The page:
Incidentally, in the area of light metal casting, FOSECO has its own business unit for non-ferrous foundries, our focus is on the melt treatment of cast aluminum and refractory linings for dosing furnaces. Both technologies are in great demand for die casting and e-mobility and are already standard applications for structural components.

Thin-wall casting, also in iron and steel castings, is supported by FOSECO through filtration projects and optimized finishing applications. In the field of cylinder head for trucks, we have developed a coating with a leading European truck manufacturer, which leads to significantly better cleanliness of the oil and coolant channels. This technology will also be presented at the NEWCAST Forum.

In the field of medium-weight steel castings we will introduce Hollotex Shroud, a technology for hitherto impossible turbulence-free casting.

FP: What about the junior engineers for the foundries? Who will have the say in the future: the metallurgist, IT or the executive?
In general, one can say that we are increasingly looking for the next generation of foundrymen in Germany and Europe. BDG and VDG as well as universities and companies have made some efforts to improve the image of the industry and to interest more young people in the foundry industry. At the GMTN again there will be the youth program Metals4you, where young people should be interested in technical professions before choosing a subject to study.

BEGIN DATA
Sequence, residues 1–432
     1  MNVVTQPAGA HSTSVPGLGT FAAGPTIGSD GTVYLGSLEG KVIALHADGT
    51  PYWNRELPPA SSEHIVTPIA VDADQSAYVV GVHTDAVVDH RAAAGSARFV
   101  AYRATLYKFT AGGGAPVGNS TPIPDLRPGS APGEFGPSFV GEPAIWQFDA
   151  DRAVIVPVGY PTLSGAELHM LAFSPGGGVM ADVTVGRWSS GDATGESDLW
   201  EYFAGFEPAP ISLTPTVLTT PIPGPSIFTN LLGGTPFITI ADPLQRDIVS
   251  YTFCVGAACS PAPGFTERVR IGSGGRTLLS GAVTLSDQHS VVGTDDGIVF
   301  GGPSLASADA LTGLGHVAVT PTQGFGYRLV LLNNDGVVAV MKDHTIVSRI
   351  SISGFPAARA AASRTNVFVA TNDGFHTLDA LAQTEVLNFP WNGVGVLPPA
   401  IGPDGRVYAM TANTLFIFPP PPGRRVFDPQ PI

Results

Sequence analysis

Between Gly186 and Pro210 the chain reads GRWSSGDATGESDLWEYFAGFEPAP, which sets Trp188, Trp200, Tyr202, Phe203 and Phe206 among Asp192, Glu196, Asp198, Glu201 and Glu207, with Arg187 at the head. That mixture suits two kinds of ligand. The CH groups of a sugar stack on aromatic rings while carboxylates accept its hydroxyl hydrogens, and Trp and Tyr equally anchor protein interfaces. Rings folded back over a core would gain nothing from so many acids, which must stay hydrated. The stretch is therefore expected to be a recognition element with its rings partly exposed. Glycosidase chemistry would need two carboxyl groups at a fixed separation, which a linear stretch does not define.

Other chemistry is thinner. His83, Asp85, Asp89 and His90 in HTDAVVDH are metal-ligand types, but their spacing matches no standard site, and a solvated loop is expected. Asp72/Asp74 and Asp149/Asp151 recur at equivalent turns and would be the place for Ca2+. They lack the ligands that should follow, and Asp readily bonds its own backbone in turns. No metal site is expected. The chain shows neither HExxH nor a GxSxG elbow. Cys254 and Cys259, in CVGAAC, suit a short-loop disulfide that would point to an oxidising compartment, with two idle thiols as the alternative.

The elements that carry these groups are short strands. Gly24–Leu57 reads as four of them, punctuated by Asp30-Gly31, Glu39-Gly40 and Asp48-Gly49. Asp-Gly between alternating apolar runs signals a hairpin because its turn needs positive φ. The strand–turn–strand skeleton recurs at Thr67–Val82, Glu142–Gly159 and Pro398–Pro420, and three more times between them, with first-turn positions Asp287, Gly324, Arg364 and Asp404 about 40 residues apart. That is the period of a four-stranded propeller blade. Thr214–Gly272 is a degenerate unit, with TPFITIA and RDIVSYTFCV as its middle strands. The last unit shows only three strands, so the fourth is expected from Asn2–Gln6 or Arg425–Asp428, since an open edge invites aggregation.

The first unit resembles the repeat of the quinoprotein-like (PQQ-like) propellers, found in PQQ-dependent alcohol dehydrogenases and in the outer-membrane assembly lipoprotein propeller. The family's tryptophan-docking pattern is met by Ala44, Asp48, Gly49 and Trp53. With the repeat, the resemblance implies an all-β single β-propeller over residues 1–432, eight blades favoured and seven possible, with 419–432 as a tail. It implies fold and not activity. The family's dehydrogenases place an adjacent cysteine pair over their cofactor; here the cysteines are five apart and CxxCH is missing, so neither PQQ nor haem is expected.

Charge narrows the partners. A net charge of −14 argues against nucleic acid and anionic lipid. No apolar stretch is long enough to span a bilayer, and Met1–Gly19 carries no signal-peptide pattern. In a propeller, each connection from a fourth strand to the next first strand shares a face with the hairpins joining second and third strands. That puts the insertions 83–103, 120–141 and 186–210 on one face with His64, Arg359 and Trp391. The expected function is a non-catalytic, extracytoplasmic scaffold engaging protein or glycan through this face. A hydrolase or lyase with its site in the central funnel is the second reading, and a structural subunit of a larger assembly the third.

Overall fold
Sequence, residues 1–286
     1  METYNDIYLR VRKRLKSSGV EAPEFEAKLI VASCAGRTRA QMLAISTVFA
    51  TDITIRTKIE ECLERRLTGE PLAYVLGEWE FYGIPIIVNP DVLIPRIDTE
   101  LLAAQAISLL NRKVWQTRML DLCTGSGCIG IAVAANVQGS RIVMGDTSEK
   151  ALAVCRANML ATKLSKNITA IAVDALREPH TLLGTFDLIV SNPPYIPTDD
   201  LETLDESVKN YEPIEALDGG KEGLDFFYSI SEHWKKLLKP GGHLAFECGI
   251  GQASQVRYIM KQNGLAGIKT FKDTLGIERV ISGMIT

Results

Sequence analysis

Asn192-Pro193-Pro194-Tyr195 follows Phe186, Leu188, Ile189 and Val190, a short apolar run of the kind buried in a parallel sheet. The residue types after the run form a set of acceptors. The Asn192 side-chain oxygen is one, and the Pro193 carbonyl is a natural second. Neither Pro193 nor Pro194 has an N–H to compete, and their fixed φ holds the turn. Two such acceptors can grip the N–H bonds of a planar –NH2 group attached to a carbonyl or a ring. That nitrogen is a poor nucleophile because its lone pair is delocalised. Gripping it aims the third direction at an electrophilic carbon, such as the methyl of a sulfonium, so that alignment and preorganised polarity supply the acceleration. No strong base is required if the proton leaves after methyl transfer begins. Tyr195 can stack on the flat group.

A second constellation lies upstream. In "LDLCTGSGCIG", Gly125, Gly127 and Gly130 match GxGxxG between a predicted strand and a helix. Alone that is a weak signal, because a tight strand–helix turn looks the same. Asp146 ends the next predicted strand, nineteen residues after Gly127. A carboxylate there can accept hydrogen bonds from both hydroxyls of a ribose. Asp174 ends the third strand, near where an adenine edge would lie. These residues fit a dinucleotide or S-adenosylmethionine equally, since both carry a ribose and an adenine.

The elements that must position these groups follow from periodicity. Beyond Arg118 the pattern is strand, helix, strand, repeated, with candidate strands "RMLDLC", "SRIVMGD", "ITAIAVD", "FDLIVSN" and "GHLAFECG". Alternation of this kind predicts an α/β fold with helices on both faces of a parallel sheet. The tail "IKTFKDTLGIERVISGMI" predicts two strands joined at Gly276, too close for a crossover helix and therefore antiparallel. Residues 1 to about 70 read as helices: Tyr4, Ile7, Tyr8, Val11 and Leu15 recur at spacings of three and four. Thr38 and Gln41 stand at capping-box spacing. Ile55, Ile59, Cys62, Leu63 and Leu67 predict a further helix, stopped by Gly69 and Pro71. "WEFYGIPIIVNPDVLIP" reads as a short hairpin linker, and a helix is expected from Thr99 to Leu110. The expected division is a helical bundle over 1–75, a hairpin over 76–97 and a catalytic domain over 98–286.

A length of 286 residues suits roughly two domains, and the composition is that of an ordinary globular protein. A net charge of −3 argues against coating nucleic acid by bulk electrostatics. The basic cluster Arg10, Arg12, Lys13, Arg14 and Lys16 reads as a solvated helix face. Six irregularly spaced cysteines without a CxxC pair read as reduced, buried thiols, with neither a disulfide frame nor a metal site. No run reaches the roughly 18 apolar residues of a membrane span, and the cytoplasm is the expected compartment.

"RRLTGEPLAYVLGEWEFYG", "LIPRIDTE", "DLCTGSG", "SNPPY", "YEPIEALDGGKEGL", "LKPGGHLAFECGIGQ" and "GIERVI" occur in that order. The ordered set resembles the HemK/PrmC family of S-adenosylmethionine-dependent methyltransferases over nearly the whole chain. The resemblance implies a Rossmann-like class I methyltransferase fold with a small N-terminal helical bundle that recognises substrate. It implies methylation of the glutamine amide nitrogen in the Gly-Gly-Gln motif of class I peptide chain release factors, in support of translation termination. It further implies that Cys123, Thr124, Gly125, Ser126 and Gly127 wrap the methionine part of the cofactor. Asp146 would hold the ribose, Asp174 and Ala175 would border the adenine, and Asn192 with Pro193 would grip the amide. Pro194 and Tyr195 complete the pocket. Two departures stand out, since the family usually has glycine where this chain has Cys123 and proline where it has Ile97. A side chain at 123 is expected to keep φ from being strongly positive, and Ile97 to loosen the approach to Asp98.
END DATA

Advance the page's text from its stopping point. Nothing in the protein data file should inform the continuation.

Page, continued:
An IT expert will certainly not run a foundry. However, the young engineer of today will increasingly find it easier to deal with the digital tools at his disposal and to master the extensive foundry process. He has a very good metallurgical background and basic commercial skills to successfully complete his demanding job.

FP: How important is a leading international trade fair like the GIFA in Düsseldorf in the digital age?